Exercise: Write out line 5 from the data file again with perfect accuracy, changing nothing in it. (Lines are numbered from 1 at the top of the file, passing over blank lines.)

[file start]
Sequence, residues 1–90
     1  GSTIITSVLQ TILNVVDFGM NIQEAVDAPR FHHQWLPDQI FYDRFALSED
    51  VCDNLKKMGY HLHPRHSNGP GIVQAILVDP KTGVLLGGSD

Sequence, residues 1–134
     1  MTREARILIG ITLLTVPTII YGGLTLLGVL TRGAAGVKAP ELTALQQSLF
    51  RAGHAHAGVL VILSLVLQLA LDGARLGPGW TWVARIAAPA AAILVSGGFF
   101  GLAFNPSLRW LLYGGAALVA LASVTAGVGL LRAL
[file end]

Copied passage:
     1  MTREARILIG ITLLTVPTII YGGLTLLGVL TRGAAGVKAP ELTALQQSLF